The reader is very good, especially when reading the evil characters (for whatever reason). He helped make the book better.
But will I read the sequel? Um...um...um. I don't know! Possibly. I do like the characters and the world is interesting. But I'm not sure it will be worth my time and money.
I'd rather listen to a good fantasy over again than waste time with bad fantasy.
The book is fine but like most ratings on audible is definitely overrated. Book feels disjoint and through most of the book I did not care about any of the characters.
Sci-Fi & Fantasy Reader
Overall, I enjoyed this novel. It was fast paced and exciting. The characters could be a bit thick at times and some of the decisions made little sense, but I liked the world a lot and the characters well enough. Simon Vance, the narrator, is one of the great ones--his voice is perfect for fantasy novels.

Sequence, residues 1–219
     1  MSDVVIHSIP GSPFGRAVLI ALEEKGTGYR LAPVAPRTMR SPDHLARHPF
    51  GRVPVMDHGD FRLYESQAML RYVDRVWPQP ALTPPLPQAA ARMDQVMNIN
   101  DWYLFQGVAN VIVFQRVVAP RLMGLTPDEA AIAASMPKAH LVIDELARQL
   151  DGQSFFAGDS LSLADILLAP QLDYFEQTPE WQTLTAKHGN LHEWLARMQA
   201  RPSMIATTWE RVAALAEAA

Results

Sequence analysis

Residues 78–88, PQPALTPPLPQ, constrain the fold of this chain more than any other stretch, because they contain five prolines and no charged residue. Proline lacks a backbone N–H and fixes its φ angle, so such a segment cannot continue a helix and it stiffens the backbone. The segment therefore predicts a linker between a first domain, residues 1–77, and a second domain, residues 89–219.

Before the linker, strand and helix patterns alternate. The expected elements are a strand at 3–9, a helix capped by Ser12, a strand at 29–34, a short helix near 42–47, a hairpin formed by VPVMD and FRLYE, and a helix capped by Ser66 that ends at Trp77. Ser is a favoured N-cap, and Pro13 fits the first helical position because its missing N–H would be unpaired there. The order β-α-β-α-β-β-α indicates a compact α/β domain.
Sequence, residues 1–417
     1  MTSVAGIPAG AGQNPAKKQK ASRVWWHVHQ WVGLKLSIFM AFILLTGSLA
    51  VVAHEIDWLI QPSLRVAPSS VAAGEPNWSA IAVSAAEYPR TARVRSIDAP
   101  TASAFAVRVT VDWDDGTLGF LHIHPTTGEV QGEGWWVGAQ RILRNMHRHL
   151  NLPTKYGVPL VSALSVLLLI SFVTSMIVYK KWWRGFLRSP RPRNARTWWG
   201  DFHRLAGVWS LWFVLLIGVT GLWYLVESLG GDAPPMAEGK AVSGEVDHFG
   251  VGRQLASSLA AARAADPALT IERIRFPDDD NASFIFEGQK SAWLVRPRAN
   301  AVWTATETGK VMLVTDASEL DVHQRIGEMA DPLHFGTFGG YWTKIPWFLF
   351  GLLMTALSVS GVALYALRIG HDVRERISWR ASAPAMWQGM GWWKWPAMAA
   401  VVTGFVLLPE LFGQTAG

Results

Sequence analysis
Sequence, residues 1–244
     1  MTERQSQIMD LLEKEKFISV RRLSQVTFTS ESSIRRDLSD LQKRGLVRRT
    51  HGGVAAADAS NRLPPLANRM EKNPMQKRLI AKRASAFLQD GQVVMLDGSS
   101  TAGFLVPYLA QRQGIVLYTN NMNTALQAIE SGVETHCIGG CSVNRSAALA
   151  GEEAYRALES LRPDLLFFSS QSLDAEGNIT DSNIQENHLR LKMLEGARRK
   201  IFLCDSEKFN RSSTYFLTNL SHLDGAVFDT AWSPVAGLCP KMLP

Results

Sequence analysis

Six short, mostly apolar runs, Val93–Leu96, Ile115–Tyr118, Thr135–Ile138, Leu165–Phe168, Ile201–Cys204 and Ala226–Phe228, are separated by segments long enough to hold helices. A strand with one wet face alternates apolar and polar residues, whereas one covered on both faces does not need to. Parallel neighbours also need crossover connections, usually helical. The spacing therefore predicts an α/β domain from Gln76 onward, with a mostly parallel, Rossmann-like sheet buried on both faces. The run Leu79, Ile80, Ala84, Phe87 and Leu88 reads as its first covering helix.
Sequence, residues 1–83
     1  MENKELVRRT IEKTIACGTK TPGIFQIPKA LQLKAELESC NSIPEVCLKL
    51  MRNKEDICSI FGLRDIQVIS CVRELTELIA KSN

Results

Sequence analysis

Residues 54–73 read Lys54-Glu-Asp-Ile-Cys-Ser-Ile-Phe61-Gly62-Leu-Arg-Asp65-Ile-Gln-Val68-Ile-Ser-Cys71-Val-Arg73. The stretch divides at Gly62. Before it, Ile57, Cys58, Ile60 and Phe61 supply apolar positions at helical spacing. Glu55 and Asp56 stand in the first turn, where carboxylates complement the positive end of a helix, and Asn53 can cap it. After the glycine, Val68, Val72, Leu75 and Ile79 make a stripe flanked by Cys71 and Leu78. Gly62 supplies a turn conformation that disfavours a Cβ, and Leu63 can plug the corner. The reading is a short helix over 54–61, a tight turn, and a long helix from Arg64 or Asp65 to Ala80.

The concept of the book is not bad (if you don't mind superimposing a modern worldview/culture on a pre industrial fictional civilization). Staveley starts and ends the story well, but the middle is kind o a mess with a disproportionate amount of time devoted to draconian military training rather than moving the plot forward. If he cut about 50,000 words it would be right on the money.
While not fully YA, it is heading in that direction. It is an action romp that tries to break free of the tried and true fantasy story-line, but doesn't really succeed.
If you are looking for great fiction, look on. If you are looking for escapist fantasy fiction, you've found one.